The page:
• Provides LinkedIn power users with a collection of sophisticated tools that work like superpowers. Crafting a unique LinkedIn-branded, Tweetdeck-inspired app allows these Trailblazers to seamlessly manage and navigate their feeds.
  • Revolutionize interactions by making it easier for LinkedIn users to communicate and create group chats. While Twitter’s DMs have set the benchmark for effortless speed, and even, for some, email is second-rate, LinkedIn’s messaging interface remains cluttered. It has yet to become the preferred method of day-to-day interaction between LinkedIn users. Enhanced user experience for quick message access and flexible navigation. Plus, LinkedIn’s groups often function the same as email lists, hampered by clunky management tools. There is a conspicuous lack of an easy way to set up impromptu groups to discuss specific topics. By facilitating easy interaction and gathering, LinkedIn can attract more users (myself included) to spend quality time on the platform.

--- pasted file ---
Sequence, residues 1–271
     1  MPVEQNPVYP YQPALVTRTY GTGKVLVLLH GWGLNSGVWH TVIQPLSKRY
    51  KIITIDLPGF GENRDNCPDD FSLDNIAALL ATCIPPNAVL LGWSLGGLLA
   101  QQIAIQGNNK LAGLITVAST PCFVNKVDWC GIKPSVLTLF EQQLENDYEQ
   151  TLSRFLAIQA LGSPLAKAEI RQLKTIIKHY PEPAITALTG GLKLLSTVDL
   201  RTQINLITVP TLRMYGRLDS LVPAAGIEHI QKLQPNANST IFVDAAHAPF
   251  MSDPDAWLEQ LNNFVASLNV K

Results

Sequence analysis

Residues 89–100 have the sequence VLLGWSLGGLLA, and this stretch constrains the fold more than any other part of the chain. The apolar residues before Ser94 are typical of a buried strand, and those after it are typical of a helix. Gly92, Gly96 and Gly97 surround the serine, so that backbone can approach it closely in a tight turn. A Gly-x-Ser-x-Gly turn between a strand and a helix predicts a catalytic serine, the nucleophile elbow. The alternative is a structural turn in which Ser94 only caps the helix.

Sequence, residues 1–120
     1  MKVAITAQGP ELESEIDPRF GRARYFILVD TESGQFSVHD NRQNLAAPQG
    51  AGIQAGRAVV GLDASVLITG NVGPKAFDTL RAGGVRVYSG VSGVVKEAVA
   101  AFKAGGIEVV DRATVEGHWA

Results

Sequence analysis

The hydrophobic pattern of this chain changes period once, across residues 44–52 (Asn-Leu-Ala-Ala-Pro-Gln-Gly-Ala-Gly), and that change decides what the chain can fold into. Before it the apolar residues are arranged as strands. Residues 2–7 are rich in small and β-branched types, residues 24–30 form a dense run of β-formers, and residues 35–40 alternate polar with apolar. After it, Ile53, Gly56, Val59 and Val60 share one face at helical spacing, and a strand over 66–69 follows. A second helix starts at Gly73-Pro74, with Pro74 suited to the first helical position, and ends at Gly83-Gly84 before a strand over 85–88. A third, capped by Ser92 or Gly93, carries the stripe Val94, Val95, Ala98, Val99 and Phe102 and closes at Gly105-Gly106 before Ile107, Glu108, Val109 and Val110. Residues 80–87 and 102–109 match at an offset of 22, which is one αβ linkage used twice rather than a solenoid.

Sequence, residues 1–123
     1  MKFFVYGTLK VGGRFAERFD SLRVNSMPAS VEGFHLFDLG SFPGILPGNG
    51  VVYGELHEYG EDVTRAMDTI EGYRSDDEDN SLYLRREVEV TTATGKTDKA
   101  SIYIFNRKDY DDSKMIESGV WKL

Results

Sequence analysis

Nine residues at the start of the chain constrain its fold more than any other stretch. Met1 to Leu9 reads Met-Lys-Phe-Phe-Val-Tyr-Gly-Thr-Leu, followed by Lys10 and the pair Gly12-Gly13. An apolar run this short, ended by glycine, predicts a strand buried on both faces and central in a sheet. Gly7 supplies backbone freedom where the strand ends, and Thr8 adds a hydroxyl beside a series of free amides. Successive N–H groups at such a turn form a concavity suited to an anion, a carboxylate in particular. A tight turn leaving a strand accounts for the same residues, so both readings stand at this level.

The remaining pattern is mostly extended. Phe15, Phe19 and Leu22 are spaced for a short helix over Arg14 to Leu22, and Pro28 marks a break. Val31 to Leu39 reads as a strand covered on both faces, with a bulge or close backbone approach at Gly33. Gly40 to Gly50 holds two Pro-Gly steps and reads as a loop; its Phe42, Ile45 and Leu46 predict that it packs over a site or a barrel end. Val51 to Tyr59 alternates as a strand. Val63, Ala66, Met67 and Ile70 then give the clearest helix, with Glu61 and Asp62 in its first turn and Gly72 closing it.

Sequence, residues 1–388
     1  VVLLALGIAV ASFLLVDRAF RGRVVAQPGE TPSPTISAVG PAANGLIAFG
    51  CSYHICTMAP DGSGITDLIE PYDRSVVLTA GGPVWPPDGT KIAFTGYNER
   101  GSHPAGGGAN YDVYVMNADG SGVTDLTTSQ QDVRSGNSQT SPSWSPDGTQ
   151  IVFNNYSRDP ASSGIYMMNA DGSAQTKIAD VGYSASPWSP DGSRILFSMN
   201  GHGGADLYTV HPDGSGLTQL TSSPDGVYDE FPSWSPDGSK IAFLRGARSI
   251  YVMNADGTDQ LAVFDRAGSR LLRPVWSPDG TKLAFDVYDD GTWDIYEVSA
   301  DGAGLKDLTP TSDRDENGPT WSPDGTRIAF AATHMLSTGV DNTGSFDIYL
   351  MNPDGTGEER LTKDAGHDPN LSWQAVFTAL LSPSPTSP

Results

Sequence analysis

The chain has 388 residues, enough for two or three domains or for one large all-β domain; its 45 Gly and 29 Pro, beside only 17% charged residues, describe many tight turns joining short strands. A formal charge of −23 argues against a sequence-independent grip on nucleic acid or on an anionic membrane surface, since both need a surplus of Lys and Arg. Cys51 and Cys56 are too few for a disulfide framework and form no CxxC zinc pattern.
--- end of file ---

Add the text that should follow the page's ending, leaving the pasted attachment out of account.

• Take a decisive approach to curating and hiding posts that fail to generate substantial engagement. This includes posts retweeted by followers, though lacking in depth. Gain insights from user interactions to identify the best posts – the highest quality posts that go beyond clickbait and ephemeral views. Also, if a user deletes a post from their feed, interpret that as a definitive dismissal.
  • Empowers the “now” feed. Rethink static LinkedIn news. Currently limited to five unchanging items per user per session, it sticks to an outdated way of consuming news. This position is at odds with contemporary practice. Introducing a dynamic “LinkedIn Now” feed – a fast-moving stream of dozens of stories per hour and hundreds throughout the day, tailored to users’ declared interests and demonstrated preferences, while ensuring top-tier content quality remains sacrosanct violation.